Taking a dip in the new business of relaxation.
After a long day, we all want to slow our heart rate and breathing, loosen our muscles, and lower our blood pressure. You know, relax.
That might mean yoga or a massage. Maybe we turn on gentle classical UFABET music or looping rainfall through our speakers. Maybe we take slow breaths or turn our fingers to prunes in the bath. But if some entrepreneurs have their way, it’ll mean cracking open a can.
These relaxation drinks aren’t uniform in form or taste, but they all make promises. Some offer sleep, others promote better focus and creativity. They are healthy and calming, at least according to their marketing.
The idea seems to be that there’s plenty of stress that doesn’t quite hit the psychiatric level — and so these drinks exist for your subclinical anxiety needs. It seems like big business, given the rather crowded marketplace, which includes such brands as Tranquini, Just Chill, Drank, and Marley’s Mellow Mood. Pepsi will be getting into the market shortly, with its Driftwell beverage, which became available online in December.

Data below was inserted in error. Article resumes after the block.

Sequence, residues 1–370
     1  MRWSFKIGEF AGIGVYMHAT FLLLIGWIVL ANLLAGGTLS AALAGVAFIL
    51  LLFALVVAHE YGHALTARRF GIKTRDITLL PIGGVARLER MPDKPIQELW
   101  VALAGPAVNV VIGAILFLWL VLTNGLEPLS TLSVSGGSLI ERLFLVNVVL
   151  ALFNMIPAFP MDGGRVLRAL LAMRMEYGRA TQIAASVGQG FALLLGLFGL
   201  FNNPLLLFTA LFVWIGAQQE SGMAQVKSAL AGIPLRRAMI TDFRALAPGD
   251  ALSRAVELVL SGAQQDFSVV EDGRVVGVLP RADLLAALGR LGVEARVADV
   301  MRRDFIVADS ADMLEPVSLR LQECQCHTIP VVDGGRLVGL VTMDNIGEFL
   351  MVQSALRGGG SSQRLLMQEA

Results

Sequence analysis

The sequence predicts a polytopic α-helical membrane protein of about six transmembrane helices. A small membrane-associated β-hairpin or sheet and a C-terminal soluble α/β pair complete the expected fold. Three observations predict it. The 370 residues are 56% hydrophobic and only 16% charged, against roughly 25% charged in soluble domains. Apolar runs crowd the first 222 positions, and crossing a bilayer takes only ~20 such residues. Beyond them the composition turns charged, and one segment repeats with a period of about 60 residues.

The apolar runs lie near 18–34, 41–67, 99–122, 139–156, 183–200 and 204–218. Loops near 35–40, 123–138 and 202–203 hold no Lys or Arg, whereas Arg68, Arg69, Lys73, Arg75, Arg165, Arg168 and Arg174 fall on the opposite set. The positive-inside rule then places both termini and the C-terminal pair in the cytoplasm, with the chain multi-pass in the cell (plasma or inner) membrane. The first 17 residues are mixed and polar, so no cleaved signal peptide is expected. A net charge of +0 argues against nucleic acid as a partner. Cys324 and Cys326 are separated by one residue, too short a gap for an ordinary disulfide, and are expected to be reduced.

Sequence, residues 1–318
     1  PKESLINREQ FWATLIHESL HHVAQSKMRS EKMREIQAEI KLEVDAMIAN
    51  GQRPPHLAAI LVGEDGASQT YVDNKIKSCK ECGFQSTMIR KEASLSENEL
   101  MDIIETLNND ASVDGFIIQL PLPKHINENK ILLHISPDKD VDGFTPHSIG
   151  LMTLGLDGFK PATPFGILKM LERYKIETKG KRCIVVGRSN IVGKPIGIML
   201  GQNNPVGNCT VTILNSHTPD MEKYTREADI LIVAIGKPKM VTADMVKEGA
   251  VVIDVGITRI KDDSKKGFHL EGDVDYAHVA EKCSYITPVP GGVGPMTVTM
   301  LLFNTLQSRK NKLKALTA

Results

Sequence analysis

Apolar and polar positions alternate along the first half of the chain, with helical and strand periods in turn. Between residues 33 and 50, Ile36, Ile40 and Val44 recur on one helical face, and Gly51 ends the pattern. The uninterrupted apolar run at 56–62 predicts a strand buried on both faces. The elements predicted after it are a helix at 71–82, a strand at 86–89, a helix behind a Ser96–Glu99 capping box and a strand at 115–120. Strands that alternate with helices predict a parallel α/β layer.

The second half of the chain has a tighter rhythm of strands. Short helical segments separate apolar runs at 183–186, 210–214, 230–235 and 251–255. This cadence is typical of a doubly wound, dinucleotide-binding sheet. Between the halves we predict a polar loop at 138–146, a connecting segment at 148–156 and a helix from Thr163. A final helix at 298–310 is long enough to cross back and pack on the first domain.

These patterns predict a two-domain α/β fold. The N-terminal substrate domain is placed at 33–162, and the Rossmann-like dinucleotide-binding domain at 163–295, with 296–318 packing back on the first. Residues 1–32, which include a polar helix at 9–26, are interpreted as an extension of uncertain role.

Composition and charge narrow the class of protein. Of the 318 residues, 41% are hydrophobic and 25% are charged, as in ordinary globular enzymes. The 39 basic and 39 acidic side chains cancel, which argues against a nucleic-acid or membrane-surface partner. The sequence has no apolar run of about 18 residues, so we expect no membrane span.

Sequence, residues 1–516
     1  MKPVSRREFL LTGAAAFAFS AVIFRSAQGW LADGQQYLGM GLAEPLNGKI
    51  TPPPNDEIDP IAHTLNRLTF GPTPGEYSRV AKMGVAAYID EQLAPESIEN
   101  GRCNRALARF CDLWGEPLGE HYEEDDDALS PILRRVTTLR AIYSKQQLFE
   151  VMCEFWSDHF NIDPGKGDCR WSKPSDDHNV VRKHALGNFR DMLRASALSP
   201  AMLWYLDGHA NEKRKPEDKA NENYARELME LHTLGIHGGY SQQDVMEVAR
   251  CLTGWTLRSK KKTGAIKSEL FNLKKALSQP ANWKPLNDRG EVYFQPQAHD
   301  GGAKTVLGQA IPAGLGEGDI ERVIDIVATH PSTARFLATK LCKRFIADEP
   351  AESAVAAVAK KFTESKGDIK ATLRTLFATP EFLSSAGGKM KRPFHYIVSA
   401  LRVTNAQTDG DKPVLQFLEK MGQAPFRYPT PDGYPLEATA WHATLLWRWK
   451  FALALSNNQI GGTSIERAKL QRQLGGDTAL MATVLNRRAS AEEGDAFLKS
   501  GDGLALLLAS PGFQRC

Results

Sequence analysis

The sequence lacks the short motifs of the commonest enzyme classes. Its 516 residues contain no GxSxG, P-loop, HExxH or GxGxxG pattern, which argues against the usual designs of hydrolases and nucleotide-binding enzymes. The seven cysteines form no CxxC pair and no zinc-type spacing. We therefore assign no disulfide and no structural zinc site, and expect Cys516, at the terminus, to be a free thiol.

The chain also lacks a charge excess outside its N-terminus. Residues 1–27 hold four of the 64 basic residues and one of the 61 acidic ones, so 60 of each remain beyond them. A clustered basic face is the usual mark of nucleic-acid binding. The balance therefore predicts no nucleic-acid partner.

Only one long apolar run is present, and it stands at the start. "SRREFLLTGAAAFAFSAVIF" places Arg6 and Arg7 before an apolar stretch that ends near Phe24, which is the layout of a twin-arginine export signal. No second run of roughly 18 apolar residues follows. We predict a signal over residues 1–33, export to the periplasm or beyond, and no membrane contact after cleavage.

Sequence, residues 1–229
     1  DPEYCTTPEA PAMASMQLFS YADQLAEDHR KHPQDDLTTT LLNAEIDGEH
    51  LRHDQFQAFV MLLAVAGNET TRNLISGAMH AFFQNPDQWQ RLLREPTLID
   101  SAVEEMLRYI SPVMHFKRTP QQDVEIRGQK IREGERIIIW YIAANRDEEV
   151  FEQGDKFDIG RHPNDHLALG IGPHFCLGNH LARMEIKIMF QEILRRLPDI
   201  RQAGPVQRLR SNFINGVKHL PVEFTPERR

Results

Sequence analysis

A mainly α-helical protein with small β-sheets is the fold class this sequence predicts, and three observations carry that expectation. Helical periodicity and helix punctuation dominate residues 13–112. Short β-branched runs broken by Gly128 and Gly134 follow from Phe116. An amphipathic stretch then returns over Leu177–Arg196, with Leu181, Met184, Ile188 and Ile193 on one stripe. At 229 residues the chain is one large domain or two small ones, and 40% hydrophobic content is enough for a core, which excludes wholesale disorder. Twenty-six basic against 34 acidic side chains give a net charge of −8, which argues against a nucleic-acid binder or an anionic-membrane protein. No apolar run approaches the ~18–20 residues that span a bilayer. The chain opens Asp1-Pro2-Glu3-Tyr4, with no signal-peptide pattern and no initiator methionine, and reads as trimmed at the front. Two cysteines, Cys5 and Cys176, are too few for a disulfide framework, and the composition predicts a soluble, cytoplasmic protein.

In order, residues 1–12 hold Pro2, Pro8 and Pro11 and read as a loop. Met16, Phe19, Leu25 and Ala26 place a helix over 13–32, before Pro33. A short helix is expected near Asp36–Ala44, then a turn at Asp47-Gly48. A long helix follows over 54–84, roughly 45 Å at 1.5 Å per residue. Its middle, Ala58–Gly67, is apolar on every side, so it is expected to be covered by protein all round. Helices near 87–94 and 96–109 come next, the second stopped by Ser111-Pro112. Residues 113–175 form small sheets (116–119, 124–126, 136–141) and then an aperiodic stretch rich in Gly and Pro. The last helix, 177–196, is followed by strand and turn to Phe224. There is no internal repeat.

So I decided to make a journey to the heart of relaxation. I wanted to see if I could overdose on it.
Pepsi, like most major corporations, doesn’t take big risks, so I figured the components of its Driftwell beverage would be a good place to start. Pepsi chose to use l-theanine, a workhorse ingredient in relaxation drinks. Some small studies found that l-theanine may reduce stress, induce relaxation, and make it easier for people to get to sleep. Chanaka Kahathuduwa, an assistant professor at Texas Tech University, is responsible for several studies on the amino acid, both alone and combined with caffeine.